Perhaps most importantly, we know that women are more stigmatized for their substance use conditions. They report higher feelings of guilt and shame surrounding their substance use. These feelings are often related to the gender-specific roles, often associated with caregiving. Many women also tend to have one parent who has abused substances, which may factor into the development of addiction.

If you’re looking for treatment for your daughter, niece, granddaughter or another young woman in your life, and as a result of the significant differences in the way in which substance use conditions present for women, consider services that are tailored to women’s needs and obstacles they experience. Services for women in substance abuse treatment should include women-only programming (due to trauma history and other issues), strong female leaders and providers, peer support and cultural training and programming that addresses the unique needs of women in treatment.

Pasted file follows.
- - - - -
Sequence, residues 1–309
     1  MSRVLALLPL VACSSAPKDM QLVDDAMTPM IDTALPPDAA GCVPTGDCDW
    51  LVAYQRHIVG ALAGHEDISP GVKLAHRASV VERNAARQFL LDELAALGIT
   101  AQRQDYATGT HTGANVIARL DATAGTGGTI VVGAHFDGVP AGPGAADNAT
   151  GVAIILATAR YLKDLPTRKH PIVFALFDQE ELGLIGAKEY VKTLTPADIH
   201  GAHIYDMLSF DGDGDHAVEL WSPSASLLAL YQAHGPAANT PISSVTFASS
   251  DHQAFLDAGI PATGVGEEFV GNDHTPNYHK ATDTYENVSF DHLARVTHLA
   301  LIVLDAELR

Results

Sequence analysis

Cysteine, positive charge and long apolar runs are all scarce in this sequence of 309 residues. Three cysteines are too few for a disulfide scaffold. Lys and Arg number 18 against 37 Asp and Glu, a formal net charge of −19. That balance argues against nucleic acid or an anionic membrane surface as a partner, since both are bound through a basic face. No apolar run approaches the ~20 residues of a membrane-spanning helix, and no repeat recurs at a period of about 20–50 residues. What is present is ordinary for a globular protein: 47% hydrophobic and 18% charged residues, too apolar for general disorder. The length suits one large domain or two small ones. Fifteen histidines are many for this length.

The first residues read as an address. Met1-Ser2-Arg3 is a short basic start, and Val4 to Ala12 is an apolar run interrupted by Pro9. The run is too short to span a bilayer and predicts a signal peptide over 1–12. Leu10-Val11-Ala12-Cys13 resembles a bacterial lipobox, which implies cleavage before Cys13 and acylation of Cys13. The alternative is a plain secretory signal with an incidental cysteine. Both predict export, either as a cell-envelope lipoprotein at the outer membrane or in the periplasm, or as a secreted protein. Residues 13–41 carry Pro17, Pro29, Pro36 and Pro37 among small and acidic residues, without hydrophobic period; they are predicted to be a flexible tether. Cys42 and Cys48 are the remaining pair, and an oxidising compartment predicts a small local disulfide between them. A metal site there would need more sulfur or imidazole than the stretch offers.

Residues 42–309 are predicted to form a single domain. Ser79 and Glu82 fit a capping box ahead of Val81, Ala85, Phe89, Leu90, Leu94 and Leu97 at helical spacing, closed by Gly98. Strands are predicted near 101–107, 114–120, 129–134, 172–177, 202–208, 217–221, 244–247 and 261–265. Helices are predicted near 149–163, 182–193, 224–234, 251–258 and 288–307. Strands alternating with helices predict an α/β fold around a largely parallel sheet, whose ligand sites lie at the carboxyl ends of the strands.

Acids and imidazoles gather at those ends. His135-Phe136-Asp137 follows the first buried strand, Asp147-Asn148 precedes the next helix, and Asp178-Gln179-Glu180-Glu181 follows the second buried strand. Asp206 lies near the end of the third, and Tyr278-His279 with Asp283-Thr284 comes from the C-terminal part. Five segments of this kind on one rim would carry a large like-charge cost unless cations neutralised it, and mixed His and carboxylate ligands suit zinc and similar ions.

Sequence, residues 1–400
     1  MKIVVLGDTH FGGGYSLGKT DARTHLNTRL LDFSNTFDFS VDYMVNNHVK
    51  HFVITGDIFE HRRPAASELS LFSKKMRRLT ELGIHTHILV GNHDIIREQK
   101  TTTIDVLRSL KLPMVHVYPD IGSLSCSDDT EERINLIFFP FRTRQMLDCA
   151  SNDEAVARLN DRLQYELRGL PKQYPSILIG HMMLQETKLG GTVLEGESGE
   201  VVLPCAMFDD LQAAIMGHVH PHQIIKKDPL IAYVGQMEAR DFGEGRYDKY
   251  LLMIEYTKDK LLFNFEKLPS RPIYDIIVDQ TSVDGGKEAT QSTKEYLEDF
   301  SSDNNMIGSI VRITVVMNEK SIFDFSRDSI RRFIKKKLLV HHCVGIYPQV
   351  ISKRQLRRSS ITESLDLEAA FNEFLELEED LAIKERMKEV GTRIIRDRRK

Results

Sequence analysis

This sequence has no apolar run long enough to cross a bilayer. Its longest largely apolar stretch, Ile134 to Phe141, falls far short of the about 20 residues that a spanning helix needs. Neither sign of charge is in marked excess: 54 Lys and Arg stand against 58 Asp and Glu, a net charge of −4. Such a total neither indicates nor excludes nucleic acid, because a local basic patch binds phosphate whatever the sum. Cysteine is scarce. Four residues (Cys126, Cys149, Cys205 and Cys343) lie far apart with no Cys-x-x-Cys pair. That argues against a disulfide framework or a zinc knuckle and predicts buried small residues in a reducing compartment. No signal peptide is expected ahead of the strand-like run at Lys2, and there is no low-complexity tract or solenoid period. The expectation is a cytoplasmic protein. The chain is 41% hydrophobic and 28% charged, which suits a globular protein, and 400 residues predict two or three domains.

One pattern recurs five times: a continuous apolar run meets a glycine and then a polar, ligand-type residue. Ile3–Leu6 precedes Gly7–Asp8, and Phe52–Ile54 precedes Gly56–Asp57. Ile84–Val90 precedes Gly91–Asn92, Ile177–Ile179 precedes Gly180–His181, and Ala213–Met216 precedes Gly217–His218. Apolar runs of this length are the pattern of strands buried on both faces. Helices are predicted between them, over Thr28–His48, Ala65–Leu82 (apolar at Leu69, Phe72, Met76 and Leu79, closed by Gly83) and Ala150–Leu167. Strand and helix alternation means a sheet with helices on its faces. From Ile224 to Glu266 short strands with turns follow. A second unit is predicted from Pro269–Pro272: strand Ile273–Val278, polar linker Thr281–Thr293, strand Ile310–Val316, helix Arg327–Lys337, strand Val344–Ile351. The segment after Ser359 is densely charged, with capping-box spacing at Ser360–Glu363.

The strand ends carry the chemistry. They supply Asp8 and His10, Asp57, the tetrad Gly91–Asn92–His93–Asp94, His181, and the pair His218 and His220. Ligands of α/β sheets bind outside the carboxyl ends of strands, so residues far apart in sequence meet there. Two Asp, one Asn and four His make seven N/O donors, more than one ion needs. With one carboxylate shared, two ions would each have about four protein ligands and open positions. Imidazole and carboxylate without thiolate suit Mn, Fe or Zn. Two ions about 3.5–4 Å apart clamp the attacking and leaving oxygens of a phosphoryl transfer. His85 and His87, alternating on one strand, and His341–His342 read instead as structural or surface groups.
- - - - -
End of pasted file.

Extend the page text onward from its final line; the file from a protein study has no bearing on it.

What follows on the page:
Regardless of age or race, men use alcohol and drugs more frequently and in greater quantities than women. They often start using alcohol and other drugs for different reasons than women. For many young men, male institutions and social rites of passage (sports, fraternities, etc.) encourage the use of alcohol. Men generally start binge drinking at an earlier age than women. Binge drinking is also more prevalent in men and is more likely to result in alcohol-related problems. Due to higher frequency and quantities as well as binge drinking habits, men are five times more likely to develop a substance use disorder.